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How Do Heat Waves Affect Air Pollution?

Updated: Aug 8, 2022

From burnt skin to dehydration, we all know the effects that the sun or hotter temperatures can have on our health, so we slap on the sun screen and avoid going out for too long. But many might not know that the heat can also make air pollution worse, which has a knock-on effect for our health in other ways.

With the world predicted to experience longer, hotter heat waves for many years to come, it’s a good idea to understand how it affects pollution and what we can do to prevent or avoid it.

Here are some ways heat waves affect air pollution.

Ground Level O-Zone Pollution Increases

When it’s hot and the sun is shining, chemical reactions between air pollutants such as nitrogen oxides, which are produced by engines, can be triggered to form ozone. Higher temperatures and lots of intense sunlight cause even more ozone to form.

This can be especially worse in cities, where there is high atmospheric pressure, which causes the pollutants to become trapped. This creates a higher concentration of pollutants that people breathe in and out.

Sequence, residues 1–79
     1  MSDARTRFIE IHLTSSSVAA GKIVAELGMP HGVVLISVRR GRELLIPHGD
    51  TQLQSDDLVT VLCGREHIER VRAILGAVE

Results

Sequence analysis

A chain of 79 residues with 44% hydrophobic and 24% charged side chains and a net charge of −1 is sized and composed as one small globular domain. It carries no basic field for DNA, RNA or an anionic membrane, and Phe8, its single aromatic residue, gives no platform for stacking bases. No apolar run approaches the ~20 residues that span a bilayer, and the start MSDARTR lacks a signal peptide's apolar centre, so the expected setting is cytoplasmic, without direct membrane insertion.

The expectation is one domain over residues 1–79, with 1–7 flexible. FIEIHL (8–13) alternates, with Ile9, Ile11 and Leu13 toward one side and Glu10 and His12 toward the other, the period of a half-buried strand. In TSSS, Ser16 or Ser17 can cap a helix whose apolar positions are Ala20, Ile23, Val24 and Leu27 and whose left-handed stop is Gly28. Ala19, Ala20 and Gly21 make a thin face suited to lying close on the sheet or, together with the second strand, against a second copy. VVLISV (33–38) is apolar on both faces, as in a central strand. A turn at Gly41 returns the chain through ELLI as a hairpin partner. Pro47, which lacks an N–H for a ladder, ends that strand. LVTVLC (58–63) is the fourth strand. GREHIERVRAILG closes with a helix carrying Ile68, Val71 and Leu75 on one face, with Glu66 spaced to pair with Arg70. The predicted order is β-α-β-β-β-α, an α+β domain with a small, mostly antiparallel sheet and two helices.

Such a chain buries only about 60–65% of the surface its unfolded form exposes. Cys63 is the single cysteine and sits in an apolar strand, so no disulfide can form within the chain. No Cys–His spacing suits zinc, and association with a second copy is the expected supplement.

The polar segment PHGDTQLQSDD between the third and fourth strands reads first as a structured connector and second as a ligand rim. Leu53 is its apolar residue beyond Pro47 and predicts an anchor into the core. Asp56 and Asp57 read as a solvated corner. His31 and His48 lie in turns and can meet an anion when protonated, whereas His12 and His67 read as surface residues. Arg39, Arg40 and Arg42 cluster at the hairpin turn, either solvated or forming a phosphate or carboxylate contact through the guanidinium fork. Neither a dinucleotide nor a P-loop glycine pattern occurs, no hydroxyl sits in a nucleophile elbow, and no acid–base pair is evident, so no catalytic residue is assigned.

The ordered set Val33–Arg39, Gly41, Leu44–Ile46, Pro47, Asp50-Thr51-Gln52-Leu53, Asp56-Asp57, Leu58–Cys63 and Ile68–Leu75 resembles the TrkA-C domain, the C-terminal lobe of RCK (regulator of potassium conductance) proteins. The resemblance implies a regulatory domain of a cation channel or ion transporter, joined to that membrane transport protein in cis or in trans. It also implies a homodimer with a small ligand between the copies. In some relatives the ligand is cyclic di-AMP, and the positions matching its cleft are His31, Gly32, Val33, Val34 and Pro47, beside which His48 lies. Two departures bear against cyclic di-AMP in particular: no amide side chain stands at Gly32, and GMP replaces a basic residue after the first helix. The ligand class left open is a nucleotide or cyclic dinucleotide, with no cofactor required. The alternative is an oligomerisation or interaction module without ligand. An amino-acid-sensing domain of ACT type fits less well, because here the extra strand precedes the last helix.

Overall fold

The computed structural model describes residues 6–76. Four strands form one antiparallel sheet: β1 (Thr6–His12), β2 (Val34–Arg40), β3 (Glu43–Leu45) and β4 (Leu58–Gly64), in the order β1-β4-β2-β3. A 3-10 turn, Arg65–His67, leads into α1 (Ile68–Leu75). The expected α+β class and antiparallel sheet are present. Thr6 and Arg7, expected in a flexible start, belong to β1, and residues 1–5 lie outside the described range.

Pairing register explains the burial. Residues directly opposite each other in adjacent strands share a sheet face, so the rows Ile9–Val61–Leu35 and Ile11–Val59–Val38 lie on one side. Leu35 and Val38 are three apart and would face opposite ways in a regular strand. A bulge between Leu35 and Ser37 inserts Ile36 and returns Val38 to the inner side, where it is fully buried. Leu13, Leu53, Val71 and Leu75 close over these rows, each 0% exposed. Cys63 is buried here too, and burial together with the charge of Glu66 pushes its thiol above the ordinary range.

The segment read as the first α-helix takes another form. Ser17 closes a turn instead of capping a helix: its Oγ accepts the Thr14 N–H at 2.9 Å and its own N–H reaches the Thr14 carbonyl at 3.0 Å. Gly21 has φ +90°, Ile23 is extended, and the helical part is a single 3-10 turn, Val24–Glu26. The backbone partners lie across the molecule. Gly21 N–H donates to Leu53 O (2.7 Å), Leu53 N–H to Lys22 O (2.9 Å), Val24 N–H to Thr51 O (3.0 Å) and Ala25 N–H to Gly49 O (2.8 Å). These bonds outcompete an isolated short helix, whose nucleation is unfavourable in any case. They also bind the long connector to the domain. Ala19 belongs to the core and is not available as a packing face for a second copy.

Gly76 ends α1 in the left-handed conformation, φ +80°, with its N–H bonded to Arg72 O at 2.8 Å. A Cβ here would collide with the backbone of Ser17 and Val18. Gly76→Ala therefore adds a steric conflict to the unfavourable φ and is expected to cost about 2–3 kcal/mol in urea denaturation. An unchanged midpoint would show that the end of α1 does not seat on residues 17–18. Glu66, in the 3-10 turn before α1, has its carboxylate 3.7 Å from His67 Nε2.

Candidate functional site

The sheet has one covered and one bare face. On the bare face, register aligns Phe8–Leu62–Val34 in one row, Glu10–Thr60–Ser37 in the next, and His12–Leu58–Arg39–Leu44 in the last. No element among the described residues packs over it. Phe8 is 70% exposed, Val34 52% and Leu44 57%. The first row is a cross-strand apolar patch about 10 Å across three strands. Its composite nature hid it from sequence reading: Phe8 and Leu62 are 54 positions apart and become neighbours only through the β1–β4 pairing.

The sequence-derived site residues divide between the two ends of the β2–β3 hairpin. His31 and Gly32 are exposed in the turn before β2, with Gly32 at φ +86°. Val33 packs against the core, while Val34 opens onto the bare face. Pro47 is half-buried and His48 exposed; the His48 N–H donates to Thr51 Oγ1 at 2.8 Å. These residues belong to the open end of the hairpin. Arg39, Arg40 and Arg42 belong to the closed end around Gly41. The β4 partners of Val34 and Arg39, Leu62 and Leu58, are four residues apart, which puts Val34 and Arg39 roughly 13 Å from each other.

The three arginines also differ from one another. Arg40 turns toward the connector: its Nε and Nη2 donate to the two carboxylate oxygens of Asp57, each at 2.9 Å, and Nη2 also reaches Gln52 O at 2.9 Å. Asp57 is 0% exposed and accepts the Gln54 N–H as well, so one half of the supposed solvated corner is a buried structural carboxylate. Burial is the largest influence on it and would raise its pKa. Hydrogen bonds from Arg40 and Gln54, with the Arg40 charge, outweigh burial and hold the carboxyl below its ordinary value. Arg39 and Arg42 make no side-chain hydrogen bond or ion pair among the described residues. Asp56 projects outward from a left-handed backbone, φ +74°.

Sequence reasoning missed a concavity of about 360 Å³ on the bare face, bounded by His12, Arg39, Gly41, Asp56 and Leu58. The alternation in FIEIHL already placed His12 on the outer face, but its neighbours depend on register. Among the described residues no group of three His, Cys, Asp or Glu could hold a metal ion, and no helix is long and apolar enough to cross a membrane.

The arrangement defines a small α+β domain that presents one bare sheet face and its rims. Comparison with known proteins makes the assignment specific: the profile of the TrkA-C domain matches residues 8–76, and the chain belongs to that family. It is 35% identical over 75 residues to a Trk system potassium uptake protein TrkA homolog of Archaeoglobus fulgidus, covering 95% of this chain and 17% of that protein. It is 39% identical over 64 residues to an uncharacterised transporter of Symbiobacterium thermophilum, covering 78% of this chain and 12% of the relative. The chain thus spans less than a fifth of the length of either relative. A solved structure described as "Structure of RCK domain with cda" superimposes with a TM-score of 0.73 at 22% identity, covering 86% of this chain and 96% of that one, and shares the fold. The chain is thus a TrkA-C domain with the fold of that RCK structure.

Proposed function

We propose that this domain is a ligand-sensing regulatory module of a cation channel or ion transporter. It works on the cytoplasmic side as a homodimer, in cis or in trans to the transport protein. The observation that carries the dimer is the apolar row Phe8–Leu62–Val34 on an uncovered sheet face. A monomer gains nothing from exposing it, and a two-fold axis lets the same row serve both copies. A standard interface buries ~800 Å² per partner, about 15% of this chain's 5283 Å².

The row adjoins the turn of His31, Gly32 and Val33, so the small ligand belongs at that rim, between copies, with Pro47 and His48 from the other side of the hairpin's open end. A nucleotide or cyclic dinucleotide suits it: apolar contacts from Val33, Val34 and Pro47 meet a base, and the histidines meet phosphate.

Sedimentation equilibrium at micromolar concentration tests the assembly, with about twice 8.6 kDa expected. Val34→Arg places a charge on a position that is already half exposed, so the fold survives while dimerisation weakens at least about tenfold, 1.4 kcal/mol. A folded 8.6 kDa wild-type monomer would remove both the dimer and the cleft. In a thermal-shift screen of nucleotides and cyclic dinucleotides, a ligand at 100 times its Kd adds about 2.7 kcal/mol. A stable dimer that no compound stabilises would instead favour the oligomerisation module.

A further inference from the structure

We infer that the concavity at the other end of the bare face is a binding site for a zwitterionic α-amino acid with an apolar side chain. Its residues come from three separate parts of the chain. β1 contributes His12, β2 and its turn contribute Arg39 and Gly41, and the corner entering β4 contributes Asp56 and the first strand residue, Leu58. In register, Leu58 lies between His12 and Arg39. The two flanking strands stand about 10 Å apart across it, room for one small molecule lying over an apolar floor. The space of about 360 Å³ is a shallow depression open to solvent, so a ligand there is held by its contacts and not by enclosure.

Air Stops Moving

When the air heats up, it becomes more stagnated, meaning more pollutants, like nitrogen oxide and particulate matter, get stuck at ground level.

With little to no wind and minimal precipitation, pollutants build up right above ground level and stay there. The longer they linger, the higher the likelihood of these dangerous pollutants entering our lungs or, even worse, our blood stream.

Wildfires start and smoke pollution spreads

Wildfires can be caused by a number of things – glass bottles on dry grass, cigarette butts and campfires. And while we associate them with the hotter countries of the world, during heat waves, we see them crop up almost everywhere, leading whole villages to burn and fire-fighting teams unprepared to tackle such large flames.

Due to the swathes of smoke which can drift for miles and the spikes in fine particle air pollution and carbon monoxide, wildfires are seen as a huge risk to public health, not to mention the safety of people who have to quickly flee their own home when one approaches. When a wildfire happens, the air pollution levels can rise in towns and cities up to 100 miles away.

Wild fires also release a huge quantity of CO2 which is stored in the vegetation, especially in the trees. Over time, this release of CO2 increases the global risk of other heat waves.